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EIN Blog, 25th July 2022

Source: www.ein.org.uk

Brenda Hale: ‘There’s absolutely no need to scrap the Human Rights Act’ – The Guardian

‘renda Hale is a British judge who served as president of the supreme court of the United Kingdom from 2017 until her retirement in 2020. Lady Hale studied law at Cambridge, was called to the bar and then worked as an academic for many years. In 1984, she became the youngest person to be appointed to the Law Commission. In 1999, she was only the second woman to be appointed to the court of appeal. It fell to Hale, in September 2019, to deliver the judgment of the supreme court in the matter of the Queen’s prorogation of parliament on the advice of Boris Johnson. The court ruled that the prorogation was unlawful and the spider brooch Hale wore on that fateful day became one of the most famous fashion accessories in history. Her memoir, Spider Woman: A Life, is now out in paperback.’

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The Guardian, 24th July 2022

Source: www.theguardian.com

‘Damning’ report slams ‘poor’ Home Office response to Channel crossings – The Independent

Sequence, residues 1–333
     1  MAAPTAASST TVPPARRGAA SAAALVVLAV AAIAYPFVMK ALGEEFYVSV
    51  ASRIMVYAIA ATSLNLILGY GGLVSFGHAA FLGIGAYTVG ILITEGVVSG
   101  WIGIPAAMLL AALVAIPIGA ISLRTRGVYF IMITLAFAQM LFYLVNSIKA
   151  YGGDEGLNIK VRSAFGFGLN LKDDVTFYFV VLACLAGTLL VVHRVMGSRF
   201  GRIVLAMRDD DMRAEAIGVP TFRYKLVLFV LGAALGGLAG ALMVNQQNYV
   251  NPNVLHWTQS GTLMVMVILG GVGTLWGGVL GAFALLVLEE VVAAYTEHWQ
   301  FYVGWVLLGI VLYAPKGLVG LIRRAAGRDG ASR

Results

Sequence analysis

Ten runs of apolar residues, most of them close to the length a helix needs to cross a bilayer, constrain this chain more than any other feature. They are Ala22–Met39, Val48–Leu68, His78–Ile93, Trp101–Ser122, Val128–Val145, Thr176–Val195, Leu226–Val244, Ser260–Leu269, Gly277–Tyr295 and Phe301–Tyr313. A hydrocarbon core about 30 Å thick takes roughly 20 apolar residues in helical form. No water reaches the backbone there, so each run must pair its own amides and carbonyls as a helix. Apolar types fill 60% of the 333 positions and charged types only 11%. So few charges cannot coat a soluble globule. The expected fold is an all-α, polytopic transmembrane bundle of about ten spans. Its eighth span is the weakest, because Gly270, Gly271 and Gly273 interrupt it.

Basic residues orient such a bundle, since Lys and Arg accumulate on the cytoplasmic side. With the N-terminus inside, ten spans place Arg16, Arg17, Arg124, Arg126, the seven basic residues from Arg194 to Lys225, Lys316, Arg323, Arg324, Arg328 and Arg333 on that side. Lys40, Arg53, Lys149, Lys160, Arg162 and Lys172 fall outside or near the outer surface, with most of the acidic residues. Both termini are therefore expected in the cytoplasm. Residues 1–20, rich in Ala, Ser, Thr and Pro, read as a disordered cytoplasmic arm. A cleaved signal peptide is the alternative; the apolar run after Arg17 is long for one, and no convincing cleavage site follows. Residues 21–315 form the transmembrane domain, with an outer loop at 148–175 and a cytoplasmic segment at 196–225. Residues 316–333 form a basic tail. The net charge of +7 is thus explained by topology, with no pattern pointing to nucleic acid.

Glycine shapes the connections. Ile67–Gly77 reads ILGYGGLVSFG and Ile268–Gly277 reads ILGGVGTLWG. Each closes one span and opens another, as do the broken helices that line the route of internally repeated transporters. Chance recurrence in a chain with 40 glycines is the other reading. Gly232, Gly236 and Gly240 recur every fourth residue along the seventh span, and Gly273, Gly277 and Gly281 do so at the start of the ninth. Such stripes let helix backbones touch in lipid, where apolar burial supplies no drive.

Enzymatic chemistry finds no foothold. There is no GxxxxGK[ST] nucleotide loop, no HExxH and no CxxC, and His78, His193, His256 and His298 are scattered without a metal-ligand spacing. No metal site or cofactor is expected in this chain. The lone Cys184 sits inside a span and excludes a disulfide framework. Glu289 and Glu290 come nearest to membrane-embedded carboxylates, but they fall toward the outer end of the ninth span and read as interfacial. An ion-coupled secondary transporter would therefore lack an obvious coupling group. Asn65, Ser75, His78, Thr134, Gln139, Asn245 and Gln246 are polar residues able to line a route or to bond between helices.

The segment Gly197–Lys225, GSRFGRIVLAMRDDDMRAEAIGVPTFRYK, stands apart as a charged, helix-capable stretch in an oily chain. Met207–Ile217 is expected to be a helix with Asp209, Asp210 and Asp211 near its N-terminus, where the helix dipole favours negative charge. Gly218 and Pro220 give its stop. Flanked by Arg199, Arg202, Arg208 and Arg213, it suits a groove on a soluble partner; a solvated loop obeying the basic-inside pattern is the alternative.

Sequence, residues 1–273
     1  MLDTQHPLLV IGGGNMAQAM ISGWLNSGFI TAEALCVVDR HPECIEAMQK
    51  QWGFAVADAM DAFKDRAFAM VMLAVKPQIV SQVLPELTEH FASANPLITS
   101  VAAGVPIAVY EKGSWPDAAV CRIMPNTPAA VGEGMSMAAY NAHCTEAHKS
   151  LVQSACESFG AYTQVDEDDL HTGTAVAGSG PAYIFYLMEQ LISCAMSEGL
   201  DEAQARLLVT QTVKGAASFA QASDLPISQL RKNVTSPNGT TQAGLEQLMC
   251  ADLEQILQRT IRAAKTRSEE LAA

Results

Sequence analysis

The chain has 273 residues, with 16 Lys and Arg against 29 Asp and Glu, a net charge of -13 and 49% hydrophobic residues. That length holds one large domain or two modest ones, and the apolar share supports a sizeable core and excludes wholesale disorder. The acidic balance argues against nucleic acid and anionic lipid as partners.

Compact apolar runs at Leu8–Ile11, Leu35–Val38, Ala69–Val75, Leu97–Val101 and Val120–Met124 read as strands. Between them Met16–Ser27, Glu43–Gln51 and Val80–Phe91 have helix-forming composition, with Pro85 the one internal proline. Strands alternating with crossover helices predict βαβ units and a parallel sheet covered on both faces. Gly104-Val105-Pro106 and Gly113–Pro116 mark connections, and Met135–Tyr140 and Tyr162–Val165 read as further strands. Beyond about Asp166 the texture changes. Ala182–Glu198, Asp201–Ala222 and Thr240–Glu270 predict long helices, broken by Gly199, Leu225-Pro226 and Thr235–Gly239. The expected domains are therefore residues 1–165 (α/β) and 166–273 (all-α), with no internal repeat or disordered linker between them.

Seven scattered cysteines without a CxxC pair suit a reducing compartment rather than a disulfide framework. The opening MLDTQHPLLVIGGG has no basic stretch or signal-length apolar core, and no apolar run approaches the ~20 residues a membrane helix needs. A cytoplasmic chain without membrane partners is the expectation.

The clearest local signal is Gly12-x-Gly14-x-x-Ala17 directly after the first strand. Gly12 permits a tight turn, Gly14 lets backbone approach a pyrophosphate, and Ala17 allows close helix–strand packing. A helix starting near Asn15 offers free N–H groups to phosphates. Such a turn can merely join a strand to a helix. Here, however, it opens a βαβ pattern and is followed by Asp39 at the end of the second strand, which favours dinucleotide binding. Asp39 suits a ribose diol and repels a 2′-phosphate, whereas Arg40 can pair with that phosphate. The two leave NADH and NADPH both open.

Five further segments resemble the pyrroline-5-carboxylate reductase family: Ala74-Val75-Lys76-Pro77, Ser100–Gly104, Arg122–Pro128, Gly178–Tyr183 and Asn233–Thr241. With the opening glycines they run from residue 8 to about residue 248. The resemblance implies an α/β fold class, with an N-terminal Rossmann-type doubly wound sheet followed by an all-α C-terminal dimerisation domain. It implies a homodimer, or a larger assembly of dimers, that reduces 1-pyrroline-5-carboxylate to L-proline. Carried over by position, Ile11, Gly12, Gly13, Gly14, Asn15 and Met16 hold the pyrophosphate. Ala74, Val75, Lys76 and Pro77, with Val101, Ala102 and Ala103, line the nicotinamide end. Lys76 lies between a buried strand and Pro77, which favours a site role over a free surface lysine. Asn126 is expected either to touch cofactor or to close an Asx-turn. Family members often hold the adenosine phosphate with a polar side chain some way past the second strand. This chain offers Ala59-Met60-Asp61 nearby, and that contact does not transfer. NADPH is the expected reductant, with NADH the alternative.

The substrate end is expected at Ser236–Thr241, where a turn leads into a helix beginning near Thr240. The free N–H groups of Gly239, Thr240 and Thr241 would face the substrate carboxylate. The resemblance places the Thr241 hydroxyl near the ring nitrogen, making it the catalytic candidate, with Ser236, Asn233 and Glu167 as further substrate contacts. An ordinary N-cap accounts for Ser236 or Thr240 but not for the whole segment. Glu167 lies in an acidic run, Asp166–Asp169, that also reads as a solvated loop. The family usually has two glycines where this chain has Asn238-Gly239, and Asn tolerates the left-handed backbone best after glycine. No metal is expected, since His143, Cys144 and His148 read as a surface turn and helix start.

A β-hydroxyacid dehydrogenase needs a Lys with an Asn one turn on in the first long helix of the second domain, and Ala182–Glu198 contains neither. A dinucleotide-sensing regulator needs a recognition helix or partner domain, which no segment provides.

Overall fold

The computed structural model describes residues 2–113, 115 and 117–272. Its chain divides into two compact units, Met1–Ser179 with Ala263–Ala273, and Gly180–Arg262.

Posted July 22nd, 2022 in government departments, immigration, news, reports by tracey

‘The Home Office response to the surge in Channel crossings is “poor” and the “system is overwhelmed”, according to a watchdog. Chief Inspector of Borders and Immigration David Neal found that problems arose mainly due to a “refusal” by the Government department to move from an “emergency response to what has rapidly become steady state, or business as usual”.’

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The Independent, 21st July 2022

Source: www.independent.co.uk

New Judgment: HA (Iraq) (Respondent) v Secretary of State for the Home Department (Appellant) RA (Iraq) (Respondent) v Secretary of State for the Home Department (Appellant) AA (Nigeria) (Respondent) v Secretary of State for the Home Department (Appellant) [2022] UKSC 22 – UKSC Blog